Low testosterone

Click "guidelines" below for the new treatment guidelines on low testo. give them to your GP. Your hormones need checking twice a year after testicular cancer. Unfortunately, some oncologists and doctors seem to think that losing one testicle won't affect our hormones. They are wrong, there's enough research globally now to say that men who've had testicular cancer can suffer from hypogonadism ( low testo) after.

symptoms include - low energy, weight gain, loss of sex drive, poor memory, night sweats,

So take these guidelines with you to your Doctor and ask them to read them and follow up as the guidelines say.

In a large study, 38 percent of 491 testicular cancer survivors had low testosterone levels, known as hypogonadism. Compared to survivors with normal testosterone levels, survivors with low testosterone were more likely to have a range of chronic health problems, including high blood pressure, diabetes, erectile dysfunction, and anxiety or depression.

The study will be featured in a press briefing today and presented at the 2017 American Society of Clinical Oncology (ASCO) Annual Meeting.

"Because testicular cancer occurs at a young age and is highly curable, many survivors may live upwards of five decades," said lead study author Mohammad Issam Abu Zaid, MBBS, an Assistant Professor of Medicine at the Indiana University School of Medicine in Indianapolis, Indiana. "Our findings underscore the need for clinicians to assess testicular cancer survivors for physical signs or symptoms of hypogonadism and to measure testosterone levels in those who do."

Low testosterone can be present at the time of a testicular cancer diagnosis, or it can develop as a side effect of surgery or chemotherapy. While it has been known that low testosterone occurs in a significant proportion of testicular cancer survivors, this is one of the first studies to examine its relationship with long-term health complications in North American patients.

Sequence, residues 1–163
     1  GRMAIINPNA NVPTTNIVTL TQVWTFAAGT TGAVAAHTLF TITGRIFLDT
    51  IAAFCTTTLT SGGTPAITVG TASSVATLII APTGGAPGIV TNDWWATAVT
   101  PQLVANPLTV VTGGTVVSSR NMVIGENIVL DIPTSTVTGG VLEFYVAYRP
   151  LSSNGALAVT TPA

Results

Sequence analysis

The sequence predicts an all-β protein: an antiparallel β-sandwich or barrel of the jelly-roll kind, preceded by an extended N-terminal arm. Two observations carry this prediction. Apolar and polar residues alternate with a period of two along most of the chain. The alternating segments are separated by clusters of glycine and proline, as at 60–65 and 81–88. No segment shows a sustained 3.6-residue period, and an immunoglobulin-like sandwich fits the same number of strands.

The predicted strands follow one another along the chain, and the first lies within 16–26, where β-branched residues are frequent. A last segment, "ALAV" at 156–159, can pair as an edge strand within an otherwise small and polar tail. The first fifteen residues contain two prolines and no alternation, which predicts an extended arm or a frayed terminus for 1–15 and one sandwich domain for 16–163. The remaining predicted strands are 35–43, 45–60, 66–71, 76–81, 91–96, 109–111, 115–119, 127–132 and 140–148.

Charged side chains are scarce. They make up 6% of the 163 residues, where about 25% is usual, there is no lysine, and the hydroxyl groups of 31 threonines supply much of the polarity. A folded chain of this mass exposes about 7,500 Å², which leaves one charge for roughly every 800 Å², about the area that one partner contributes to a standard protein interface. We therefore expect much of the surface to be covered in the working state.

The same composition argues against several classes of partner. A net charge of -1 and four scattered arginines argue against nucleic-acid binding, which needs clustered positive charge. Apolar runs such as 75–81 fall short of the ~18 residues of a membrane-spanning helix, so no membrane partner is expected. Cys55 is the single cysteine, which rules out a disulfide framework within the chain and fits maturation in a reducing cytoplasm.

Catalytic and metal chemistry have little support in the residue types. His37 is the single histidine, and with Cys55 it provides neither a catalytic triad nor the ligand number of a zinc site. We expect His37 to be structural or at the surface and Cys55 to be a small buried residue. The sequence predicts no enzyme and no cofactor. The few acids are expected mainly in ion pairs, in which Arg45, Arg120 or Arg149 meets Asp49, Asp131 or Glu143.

About the Study

This analysis comes from the first 491 patients enrolled in The Platinum Study, which aims to be the largest study of testicular cancer survivors worldwide, with over 1,600 survivors already enrolled and still actively recruiting. All patients received chemotherapy and were younger than 55 when they were diagnosed with cancer. The median age at clinical evaluation was 38 years.

The goal of the Platinum Study is to follow the lifelong health of men who received cisplatin chemotherapy for testicular cancer. Researchers collect health information through comprehensive questionnaires and blood samples, as well as basic measurements like blood pressure and a hearing test. The study also aims to identify genes that may raise the chance of developing long-term health problems, such as nerve damage and hearing loss. The study is funded by the National Cancer Institute, National Institutes of Health.

Key Findings

Among the 491 survivors, 38 percent had a low testosterone level or were on testosterone replacement therapy. Being overweight or obese was associated with a higher chance of having low testosterone, as was older age. The researchers also found a genetic abnormality (in the sex hormone binding globulin gene) that appears to predispose some men to low testosterone, but this needs to be confirmed in larger studies. Survivors participating in vigorous physical activity appeared to have higher levels of testosterone.

Compared to survivors with normal testosterone, testicular cancer survivors with low testosterone were more likely to take medicine for:

  • High cholesterol (20 percent vs. 6 percent)

  • High blood pressure (19 percent vs. 11 percent)

  • Erectile dysfunction (20 percent vs. 12 percent)

  • Diabetes (6 percent vs. 3 percent)

  • Anxiety or depression (15 percent vs. 10 percent)

"Some of these health problems have been previously linked to low testosterone levels among men in the general population and in a few studies of testicular cancer survivors, but this study is one of the most comprehensive to date – we are looking at 15 different health conditions," 

It's important you ask your GP and Oncologist to test your male hormones after cancer